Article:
FoamFile { version 2.0; format ascii; class dictionary; location "system"; object fvSchemes; } // * * * * * * * * * * * * * * * * * * * * * * * * * * * * * * * * * * * * * // ddtSchemes { default CrankNicolson 1; // psi=1 pure C.N, psi=0 pure Euler } gradSchemes { default Gauss linear; grad(p) Gauss linear; grad(U) Gauss linear; } divSchemes // s/t more to add here? { default none; div(phi,U) Gauss limitedLinear 1; // changed from linear div(phi,k) Gauss limitedLinear 1; div(phi,B) Gauss limitedLinear 1; div(B) Gauss linear; div(phi,nuTilda) Gauss limitedLinear 1; div((nuEff*dev2(T(grad(U))))) Gauss linear; } laplacianSchemes { default Gauss linear corrected; } interpolationSchemes { default linear; interpolate(U) linear; } snGradSchemes { default corrected; } fluxRequired { default no; p ; } wallDist { method meshWave; } Code:
FoamFile { version 2.0; format ascii; class volScalarField; location "0"; object p; } // * * * * * * * * * * * * * * * * * * * * * * * * * * * * * * * * * * * * * // dimensions [0 2 2 0 0 0 0]; internalField uniform 0; boundaryField { symmetry_4 { type zeroGradient; } velocityinlet_5 { type zeroGradient; } outflow_6 { type fixedValue; value uniform 0; } fixedWalls { type zeroGradient; } frontAndBackPlanes { type empty; } } Code:
FoamFile { version 2.0; format ascii; class volVectorField; location "0"; object U; } // * * * * * * * * * * * * * * * * * * * * * * * * * * * * * * * * * * * * * // dimensions [0 1 1 0 0 0 0]; internalField uniform (0 0 0); boundaryField { symmetry_4 { type slip; } velocityinlet_5 { type uniformFixedValue; uniformValue table 4 ( (0 (10 5 0)) (1 (10 0 0)) (15 (10 1 0)) (16 (10 0 0)) ) ; value uniform (10 5 0); } outflow_6 { type zeroGradient; } fixedWalls { type fixedValue; value uniform (0 0 0); } frontAndBackPlanes { type empty; } } I hope I have explained my problem; please let me know if there is anything I have been unclear on. I would really appreciate any and all advice as to what could be my error in my setup. Thank you very much in advance for your time!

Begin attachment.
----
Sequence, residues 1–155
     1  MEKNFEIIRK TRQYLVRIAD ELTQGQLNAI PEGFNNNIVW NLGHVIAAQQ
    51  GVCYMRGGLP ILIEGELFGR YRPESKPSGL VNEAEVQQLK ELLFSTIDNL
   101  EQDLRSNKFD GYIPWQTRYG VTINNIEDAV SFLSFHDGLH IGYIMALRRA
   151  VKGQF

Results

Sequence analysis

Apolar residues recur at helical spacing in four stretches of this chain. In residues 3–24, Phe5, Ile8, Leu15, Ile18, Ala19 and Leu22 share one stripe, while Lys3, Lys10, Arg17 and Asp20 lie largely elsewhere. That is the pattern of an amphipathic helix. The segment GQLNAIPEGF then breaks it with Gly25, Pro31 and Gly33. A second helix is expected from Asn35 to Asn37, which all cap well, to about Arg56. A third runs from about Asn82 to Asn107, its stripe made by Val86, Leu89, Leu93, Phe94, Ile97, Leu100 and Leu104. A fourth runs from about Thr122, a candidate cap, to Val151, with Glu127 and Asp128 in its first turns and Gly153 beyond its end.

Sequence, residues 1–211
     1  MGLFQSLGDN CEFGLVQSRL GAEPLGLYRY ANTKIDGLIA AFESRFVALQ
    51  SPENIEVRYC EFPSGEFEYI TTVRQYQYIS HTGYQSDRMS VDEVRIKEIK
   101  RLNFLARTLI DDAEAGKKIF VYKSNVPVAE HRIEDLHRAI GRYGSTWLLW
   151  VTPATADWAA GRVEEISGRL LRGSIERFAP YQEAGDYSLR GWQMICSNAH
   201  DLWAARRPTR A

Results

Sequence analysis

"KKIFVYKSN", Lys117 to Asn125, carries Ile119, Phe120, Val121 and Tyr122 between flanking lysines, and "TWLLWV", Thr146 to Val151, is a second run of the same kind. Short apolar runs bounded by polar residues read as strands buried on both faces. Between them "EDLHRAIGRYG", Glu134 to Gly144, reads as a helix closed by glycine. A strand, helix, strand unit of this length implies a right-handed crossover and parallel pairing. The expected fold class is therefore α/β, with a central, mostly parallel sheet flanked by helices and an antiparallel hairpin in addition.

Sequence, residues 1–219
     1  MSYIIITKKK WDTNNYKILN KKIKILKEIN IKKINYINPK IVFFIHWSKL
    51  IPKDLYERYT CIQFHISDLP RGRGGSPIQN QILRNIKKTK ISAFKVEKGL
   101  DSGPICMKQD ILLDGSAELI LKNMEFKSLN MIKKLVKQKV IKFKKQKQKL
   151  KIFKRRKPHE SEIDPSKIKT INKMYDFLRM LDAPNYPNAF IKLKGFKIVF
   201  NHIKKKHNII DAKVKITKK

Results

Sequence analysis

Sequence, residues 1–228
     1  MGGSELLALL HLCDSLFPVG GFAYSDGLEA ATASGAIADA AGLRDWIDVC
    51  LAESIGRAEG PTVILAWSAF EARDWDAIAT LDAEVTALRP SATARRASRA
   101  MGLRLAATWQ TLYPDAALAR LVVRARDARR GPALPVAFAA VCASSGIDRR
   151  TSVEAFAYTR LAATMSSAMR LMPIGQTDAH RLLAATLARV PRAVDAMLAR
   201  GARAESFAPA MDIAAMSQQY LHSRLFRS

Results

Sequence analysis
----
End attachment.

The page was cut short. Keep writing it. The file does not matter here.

May 13, 2016, 00:25 

#2 
Senior Member
Mahdi Hosseinali
Join Date: Apr 2009
Location: NB, Canada
Posts: 183
Rep Power: 9 
I think what is happening is that the second order discretization error is diffusive for that Reynolds number and damps the shedding at the very starts, so it keeps steady.
Similar case happens if you want to solve a channel flow with unperturbed (or randomly perturbed) initial conditions. In this situations a workaround usually is to use a good initial condition (also the case for channel flow) or a forcing function. Using higher reynolds number is an initial condition that lets the shedding happen, and when it's strong enough not to be damped by the numerical diffusion then it takes over. However this applies to every transient case and you probably know it, but as a reminder, you should let the flow simulation runs for a few eddy turn over before you start averaging or sampling. 

May 17, 2016, 14:31 

#3 
New Member
Katherine
Join Date: Feb 2016
Posts: 6
Rep Power: 2 
Thank you anishtain4 for your reply! Your suggestion of starting with a good initial condition was very helpful; I was able to obtain a Strouhal number of 0.133 after letting the simulation run for 22 seconds of flow time and starting with an initial condition obtained from the last time step for a case where the Reynolds number was 100. Williamson provides a St # of about 0.135 for a Reynolds number of 60, so I am pretty satisfied with this result. However, I continued to let the simulation run after this result, and after another 20 seconds, the wake becomes steady and the vortex shedding has damped out. I posted a video of the results on dropbox if anyone is curious: https://www.dropbox.com/s/fi6dwhw5lh...re_60.avi?dl=0. The first snapshot of the video is the initial condition obtained from the Re=100 case, and the last snapshot is the steady wake after 42 seconds of flow time at Re=60.
At this point I have a acceptable Strouhal number, but I am just curious about why the second order discretization error is diffusive for this Reynolds number. Is this a problem inherent to using the pimpleFoam solver? I would be curious to know which solver you used for a channel flow simulation as you mentioned in your post. Thank you again for your help! 

May 18, 2016, 01:05 

#4 
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Join Date: Jun 2014
Posts: 9
Rep Power: 4 
Hi kaszt
Try making these changes: 1) Code:
maxCo 2; // use 1 if 2 doesnt work 2) Code: